Home / News / Need to Hear / EEP – “Winter Skin”

EEP – “Winter Skin”

EEP is a truly distinctive shoegaze band out of El Paso, TX. The band is typically a five-piece consisting of multiinstrumentalists Ross Ingram (Guitar, Vocals, Keys, Synth, Percussion), Rosie Varela (Guitar, Vocals, Synth, Flute, Percussion), Sebastian Estrada (Guitar, Bass, Synth), Serge Carrasco (Guitar, Vocals, Keys, Synth, Percussion), and Lawrence Brown III (Drums, Percussion, Vocals) although the album does feature some special guest performers on percussion, keys, flute, and vocals. Their new album Winter Skin is out now on bandcamp and it’s definitely worth a listen this winter. The album has all the defining features of shoegaze: it’s roomy, dreamy, and ethereal, and honestly, this is some of the most uplifting Shoegaze you’ll hear. There’s a ton of jammy ‘90s influence in the melodies, guitar tones, and even the mixolydian scales and chord progressions hint at “No Rain” and Jagged Little Pill.

The first track “Hanging on a Wire” is all dreamy guitars and sweet vocal harmonies. Varela really soars here and it’s a perfect opener that highlights the shoegaze of it all. This is an important start because as the album plays on, EEP is gonna veer off in unexpected directions. “No Inbetween” starts with a percussion jam and goes into an upbeat indie rocker soaked in reverb. Poppy vocals, thudding bass, and a rad psychedelic wah guitar solo crescendo and give way to a breezy fade-out. 

So many of these tracks drift seamlessly into each other. “A Message to You” is an epic indie rock number that evokes a heavier Alvvays and it flows right out of the previous tune. It’s refreshing how much this album feels like a complete entity rather than just a collection of finished songs thrown together. 

“Ángeles” is a major tone shift, but not jarringly so. It features Belinda Subraman and Keith Thompson on djembe while Lawrence Brown III holds it down drumming a slow heavy bolero. It’s sung entirely in Spanish. It is a strikingly beautiful and powerful song. Plus, there’s some seriously cool reverse guitar effects. 

“Today I Woke Up” brings us right back to some of that good major-y ‘90s guitar stuff and goes right into “Stubblefield” which features a vocal cannon! The lyrics /this isn’t real/back to where we started /love is a dangerous game/better we’re going in separate ways/ whirl around each other in a maelstrom of warm psychedelic vibes. Maybe their influence comes from the ‘60s circa “Tomorrow Never Knows” rather than the ‘90s…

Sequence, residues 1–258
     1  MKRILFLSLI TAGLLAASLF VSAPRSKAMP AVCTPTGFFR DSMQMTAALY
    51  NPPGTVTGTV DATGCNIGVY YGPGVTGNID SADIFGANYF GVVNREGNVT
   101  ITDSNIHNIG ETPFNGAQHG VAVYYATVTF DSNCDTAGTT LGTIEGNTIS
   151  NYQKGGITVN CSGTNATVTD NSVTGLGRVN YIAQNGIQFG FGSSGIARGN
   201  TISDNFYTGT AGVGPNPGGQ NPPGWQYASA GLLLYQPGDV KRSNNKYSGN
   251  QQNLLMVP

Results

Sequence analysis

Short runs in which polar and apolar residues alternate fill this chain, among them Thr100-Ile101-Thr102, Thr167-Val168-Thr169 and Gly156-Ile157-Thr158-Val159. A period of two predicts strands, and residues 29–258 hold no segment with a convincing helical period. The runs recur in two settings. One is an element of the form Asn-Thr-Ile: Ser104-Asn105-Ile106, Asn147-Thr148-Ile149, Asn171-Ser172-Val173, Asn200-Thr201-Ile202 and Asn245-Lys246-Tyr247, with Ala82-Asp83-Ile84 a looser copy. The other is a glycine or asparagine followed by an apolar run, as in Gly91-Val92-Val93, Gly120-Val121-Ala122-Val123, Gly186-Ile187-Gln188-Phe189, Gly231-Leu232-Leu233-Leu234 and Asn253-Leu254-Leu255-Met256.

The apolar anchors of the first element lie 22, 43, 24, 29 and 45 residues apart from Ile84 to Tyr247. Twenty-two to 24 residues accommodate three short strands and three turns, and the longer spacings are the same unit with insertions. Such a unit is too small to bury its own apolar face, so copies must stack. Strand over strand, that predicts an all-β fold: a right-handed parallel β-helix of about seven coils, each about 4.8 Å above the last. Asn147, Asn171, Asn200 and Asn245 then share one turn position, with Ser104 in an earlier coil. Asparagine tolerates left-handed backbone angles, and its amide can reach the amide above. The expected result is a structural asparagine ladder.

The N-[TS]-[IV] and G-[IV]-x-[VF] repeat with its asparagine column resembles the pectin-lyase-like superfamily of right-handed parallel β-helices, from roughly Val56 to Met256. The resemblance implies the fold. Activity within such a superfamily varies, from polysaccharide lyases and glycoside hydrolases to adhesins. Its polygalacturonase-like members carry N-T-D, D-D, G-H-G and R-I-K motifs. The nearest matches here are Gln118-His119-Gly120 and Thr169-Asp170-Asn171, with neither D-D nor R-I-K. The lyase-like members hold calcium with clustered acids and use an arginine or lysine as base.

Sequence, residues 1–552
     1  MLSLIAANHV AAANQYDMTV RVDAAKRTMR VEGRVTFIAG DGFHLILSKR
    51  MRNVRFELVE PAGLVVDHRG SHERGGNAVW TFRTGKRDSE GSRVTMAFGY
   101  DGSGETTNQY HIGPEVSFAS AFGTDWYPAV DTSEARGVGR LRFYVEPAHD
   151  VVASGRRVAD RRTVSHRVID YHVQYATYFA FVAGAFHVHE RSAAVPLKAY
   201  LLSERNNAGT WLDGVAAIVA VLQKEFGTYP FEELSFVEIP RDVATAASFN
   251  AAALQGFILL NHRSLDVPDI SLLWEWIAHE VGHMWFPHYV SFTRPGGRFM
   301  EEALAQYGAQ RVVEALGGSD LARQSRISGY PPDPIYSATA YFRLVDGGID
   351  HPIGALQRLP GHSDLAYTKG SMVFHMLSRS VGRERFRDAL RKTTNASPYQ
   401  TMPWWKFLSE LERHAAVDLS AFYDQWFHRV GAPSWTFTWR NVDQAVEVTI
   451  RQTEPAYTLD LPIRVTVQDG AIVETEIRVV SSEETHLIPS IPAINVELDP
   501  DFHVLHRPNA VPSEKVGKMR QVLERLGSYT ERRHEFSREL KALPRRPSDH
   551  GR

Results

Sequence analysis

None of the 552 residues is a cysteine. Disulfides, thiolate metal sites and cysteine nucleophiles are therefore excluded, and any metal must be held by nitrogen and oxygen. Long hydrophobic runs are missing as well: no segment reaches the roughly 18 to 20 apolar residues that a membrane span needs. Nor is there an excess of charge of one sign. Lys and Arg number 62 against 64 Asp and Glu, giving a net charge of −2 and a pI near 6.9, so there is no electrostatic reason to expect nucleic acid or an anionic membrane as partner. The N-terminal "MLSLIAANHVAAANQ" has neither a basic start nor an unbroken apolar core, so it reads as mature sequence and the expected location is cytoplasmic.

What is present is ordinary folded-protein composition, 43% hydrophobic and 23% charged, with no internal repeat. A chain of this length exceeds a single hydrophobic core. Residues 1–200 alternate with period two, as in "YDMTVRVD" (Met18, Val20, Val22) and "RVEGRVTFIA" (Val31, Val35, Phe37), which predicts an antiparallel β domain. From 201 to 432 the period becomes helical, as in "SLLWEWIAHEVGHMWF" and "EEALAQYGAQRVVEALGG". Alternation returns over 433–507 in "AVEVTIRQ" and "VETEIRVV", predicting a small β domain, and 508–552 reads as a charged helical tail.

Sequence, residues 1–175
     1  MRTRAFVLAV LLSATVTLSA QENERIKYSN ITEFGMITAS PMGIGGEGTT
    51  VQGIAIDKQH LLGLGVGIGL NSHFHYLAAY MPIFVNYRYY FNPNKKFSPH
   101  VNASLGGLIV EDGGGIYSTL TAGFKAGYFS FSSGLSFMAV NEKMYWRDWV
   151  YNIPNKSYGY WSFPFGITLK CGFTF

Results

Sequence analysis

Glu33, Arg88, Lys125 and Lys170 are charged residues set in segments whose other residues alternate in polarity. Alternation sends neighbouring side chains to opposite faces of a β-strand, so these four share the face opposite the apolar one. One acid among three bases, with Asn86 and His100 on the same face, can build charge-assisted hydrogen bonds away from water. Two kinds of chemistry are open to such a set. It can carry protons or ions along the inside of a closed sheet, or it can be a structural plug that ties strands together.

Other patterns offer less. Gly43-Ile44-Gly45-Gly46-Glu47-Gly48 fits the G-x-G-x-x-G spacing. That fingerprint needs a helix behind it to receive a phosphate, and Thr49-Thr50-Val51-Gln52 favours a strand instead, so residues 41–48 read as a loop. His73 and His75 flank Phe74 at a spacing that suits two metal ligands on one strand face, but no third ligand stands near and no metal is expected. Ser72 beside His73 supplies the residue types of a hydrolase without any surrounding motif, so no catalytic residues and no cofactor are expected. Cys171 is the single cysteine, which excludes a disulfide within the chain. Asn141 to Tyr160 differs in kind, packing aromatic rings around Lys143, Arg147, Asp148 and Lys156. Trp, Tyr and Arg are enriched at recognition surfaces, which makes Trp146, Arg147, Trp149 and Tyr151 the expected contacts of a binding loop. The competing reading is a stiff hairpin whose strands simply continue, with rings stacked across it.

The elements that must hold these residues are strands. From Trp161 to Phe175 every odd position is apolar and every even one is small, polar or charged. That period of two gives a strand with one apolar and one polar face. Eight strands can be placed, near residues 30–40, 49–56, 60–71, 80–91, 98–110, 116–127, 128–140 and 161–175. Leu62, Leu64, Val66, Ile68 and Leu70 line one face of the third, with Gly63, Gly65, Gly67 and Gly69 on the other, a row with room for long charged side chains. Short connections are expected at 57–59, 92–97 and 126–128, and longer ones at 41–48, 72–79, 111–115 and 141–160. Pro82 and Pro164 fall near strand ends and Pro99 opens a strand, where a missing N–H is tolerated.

“Stargazer.” Okay, first of all, y’all are gazing in the wrong direction. This is a shoegaze band. Secondly despite that, this is some of the most on-brand shoegaze music on the album, but with some really crunchy lo-fi layered in there. Really digging this one.

Between the atmospheric synths, added flutes, and djembes this is something different and special in the world of shoegaze. You can listen to this record and love it without knowing a thing about how beautiful and diverse the band is. EEP is a multiracial band supporting each other through a number of hardships. Singer/songwriter Rosie Varela is losing her eyesight. Drummer/vocalist Lawrence Brown III has been blind since birth. Different ages, different experiences, all in one excellent band. So when you get chilly this winter, try wrapping yourself up in the heavy, inspiring comfort of Winter Skin.


What drew you to the shoegaze genre and made you think: “I wanna play that kind of music”?

Rosie: I have always loved walls of sound, but I was an accidental shoegaze songwriter. When I wrote “Hogar,” the first song on our first album “Death of a Very Good Machine,” I wanted to create a cocoon of washed-out reverb-y guitar. I played the song for my husband and he said, “I love it. That’s shoegaze.” But what sealed the deal for me was listening to Verve’s “A Storm In Heaven,” Slowdive’s “Pygmalion” and Seely’s “Julie Only.” 

Then I wanted to explore that exclusively. I was lucky that Ross (our bandmate and producer) was a shoegaze fan as well. But the magic really started when we asked three brilliant non-shoegaze-influenced musicians to join EEP. The combination of varied influences in the band creates shoegaze that has elements of many different kinds of music.

What does the album’s title “Winter Skin” mean to the band?